The works of Will Durant are the cure to our stubborn refusal to learn from history. Will and Ariel, the husband and wife duo, spent decades studying the past, compiling their discoveries into the 11-volume series, “The Story of Civilization.” Written toward the end of his life, “Fallen Leaves” is the truncated culmination of everything he gained from a lifetime of learning from history.

I doubt anyone will agree with everything Durant says. Everyone is bound to be offended by at least something. But we nevertheless would be wise to heed his words.

“To me,” he writes, “the “death of God” and the slow decay of Christianity… constitute the profoundest tragedy in modern Western history, of far deeper moment than the great wars or the competition between capitalism and communism.” And while Durant (who paradoxically calls himself a Christian yet questions the very existence of God) is far from a perfect saint and evidently misunderstands much about religion, his book is imbued with a quiet sense that the modern world has suffered a great loss in giving up God. If that alone he can convince us of, “Fallen Leaves” is worth reading.
2. The Abolition of Man

The brilliant apologist’s most philosophical work, “The Abolition of Man” is C. S. Lewis’s response to a culture that has lost appreciation for objective value (natural law; the Tao) and now, more than ever, a must-read. One quote from the 1943 book is widely recognizable: “We make men without chests and expect of them virtue and enterprise. We laugh at honour and are shocked to find traitors in our midst. We castrate and bid the geldings be fruitful.” But we fail to understand what Lewis really was saying if we do not read the book.

By “chest,” Lewis does not mean merely masculine features but virtue-seeking sentiment. Over the course of three chapters, he argues that man’s attempt to overcome nature via moral subjectivism will ultimately result in nature overcoming him (a.k.a the abolition of man). The logical payoff to the argument is ingenious, profound, and unmissable. Indeed, as professor Peter Kreeft has recommended, “The Abolition of Man” belongs on any list of books “people should read if they want to save Western civilization”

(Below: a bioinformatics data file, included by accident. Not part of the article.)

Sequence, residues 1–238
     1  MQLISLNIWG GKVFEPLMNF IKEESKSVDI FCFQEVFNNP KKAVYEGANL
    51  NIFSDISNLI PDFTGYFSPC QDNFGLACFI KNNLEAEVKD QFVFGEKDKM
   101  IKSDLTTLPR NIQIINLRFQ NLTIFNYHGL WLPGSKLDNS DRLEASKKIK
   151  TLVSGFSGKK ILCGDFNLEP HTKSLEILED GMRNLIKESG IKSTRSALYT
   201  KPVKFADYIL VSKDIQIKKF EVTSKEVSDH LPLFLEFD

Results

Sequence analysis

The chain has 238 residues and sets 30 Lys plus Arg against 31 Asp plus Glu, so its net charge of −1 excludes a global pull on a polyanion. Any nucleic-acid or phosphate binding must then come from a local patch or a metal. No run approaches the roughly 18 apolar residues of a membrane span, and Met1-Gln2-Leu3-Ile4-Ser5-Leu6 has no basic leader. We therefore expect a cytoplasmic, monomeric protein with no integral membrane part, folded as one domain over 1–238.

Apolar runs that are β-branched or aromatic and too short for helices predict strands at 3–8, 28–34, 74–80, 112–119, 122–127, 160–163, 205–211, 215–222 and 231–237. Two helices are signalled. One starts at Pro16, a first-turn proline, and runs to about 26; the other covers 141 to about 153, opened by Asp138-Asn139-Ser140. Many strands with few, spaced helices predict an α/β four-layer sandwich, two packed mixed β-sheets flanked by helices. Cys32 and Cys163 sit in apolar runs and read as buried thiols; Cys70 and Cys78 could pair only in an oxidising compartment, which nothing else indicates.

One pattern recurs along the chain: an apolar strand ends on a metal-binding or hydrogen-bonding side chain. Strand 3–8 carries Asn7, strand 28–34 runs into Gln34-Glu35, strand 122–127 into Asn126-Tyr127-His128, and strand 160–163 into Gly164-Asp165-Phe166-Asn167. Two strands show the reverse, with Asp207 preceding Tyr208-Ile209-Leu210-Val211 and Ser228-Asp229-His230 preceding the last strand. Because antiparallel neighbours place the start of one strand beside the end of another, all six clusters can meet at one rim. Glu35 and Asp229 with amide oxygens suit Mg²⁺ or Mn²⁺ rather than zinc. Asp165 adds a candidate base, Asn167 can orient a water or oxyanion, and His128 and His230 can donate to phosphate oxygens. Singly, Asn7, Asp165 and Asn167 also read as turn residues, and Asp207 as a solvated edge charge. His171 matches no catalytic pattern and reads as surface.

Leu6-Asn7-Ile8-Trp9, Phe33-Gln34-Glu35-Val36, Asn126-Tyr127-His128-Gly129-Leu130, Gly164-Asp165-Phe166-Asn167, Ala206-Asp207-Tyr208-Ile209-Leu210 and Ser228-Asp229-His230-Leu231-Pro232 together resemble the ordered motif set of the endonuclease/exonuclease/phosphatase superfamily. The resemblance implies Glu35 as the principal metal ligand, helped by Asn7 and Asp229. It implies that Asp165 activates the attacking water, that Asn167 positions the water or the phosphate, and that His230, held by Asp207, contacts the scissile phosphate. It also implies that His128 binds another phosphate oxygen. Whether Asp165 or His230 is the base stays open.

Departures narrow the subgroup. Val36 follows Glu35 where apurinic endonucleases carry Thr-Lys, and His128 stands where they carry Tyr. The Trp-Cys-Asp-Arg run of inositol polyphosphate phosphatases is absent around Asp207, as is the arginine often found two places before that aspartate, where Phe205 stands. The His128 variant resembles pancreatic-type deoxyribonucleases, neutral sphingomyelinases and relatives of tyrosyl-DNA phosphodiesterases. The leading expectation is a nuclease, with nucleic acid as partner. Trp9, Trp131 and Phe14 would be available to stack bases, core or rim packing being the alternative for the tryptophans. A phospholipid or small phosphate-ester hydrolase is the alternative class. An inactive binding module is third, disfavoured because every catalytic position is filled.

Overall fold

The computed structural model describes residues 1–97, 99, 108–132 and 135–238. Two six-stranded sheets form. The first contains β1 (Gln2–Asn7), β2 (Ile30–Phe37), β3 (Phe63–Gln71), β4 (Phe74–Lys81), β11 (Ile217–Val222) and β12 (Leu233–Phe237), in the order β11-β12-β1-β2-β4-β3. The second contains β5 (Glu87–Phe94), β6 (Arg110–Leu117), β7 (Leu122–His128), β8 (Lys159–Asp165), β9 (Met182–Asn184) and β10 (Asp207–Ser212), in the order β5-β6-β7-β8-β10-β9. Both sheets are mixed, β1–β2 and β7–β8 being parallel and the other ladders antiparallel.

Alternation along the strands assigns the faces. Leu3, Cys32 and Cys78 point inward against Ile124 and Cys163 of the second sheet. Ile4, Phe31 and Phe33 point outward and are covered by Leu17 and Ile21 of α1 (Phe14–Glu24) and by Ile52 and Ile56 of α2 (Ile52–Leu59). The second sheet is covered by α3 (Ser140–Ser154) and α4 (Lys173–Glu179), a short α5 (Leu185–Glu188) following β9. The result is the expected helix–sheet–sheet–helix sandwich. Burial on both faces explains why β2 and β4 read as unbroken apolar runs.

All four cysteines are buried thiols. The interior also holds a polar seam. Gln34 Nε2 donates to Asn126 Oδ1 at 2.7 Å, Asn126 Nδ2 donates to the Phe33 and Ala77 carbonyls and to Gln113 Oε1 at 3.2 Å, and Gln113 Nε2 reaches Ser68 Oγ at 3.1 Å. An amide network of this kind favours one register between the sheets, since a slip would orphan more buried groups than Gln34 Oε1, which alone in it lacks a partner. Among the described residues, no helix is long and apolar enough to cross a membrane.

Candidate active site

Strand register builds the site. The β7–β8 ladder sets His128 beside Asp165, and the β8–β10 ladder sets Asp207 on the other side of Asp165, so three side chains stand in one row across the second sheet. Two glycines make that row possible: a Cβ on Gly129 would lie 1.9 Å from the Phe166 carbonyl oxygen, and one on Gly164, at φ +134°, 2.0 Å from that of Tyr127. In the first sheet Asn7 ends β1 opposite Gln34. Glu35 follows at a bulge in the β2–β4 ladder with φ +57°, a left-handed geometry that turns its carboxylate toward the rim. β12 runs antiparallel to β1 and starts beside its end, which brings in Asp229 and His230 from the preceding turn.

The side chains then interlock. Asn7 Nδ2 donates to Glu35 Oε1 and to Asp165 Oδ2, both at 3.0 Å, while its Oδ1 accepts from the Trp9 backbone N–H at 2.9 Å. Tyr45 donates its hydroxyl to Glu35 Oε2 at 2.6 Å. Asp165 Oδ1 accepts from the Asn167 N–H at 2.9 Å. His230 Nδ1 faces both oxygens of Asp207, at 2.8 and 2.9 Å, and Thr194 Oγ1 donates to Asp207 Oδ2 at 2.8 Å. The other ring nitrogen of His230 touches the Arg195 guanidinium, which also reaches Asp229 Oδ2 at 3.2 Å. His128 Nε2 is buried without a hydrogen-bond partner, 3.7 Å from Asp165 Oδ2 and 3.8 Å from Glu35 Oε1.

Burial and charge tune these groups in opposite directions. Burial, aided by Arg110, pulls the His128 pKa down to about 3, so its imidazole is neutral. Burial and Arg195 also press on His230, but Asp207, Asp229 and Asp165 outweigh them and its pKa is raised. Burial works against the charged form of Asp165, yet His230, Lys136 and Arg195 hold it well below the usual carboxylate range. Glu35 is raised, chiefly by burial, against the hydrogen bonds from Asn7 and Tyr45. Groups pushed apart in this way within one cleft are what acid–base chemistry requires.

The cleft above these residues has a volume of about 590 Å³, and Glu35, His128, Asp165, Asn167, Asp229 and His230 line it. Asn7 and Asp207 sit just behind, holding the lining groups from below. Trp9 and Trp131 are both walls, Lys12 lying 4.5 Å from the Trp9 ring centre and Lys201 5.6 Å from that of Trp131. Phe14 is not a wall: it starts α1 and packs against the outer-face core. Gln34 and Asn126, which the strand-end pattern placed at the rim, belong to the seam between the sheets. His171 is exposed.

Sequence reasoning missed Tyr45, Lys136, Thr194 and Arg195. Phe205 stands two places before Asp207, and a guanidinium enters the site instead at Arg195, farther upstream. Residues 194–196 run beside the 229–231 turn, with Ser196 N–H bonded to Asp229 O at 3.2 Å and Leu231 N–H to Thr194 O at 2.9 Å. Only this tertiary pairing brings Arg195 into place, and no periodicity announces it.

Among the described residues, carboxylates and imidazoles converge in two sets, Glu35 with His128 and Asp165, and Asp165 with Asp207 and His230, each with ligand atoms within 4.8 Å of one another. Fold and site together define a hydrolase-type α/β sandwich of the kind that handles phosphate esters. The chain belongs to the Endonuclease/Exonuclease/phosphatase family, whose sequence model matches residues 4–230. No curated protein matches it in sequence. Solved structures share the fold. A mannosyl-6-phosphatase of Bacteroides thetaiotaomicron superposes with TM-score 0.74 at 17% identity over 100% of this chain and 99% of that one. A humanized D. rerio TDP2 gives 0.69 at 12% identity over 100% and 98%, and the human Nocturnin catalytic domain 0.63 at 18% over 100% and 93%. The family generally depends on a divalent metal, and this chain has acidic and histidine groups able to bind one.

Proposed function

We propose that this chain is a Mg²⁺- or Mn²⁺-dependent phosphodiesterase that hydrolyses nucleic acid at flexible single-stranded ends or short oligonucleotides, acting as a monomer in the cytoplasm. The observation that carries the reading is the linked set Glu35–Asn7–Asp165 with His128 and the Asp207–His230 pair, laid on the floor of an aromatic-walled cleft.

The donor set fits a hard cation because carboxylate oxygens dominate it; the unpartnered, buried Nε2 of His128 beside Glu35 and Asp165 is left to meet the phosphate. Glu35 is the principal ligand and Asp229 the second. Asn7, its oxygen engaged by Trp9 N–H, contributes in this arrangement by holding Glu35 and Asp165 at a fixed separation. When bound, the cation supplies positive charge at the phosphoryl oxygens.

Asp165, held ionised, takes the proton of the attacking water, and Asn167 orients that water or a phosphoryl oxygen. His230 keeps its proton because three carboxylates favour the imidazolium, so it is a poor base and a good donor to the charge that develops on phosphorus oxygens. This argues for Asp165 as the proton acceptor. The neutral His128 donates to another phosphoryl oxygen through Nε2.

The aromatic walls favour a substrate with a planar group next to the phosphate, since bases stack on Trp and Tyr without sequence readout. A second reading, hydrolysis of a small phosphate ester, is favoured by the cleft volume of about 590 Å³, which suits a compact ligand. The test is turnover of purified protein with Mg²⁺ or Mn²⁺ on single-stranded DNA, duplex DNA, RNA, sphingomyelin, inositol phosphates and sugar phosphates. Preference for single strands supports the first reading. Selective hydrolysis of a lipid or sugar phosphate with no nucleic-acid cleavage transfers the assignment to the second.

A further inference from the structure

1.  The Bible

America would not exist if not for the Bible. And there would be no hope for America today if not for the Bible. Reading and obeying that sacred book – as God’s Word – puts and keeps all the affairs of men in perfect order. Thus it is the perfect cure to the godless chaos of today’s world.

“Suppose a nation… should take the Bible for their only law Book, and every member should regulate his conduct by the precepts there exhibited…. What a Utopia, what a Paradise would this region be,” marveled Founding Father John Adams. Dr. Benjamin Rush agreed: “We profess to be republicans, and yet we neglect the only means of establishing and perpetuating our republican forms of government; that is, the universal education of our youth in the principles of Christianity by means of the Bible….”

Jesus Himself said in John 6:63, “the words that I speak unto you, they are spirit, and they are life.”

His words are indeed the roadmap to America’s revival, and they are readily available to each and every one of us in the Bible.

As we seek to save our beloved country in the fight for liberty, may we remember the importance of ever seeking Truth through reading. Pick up these five books, and get started today.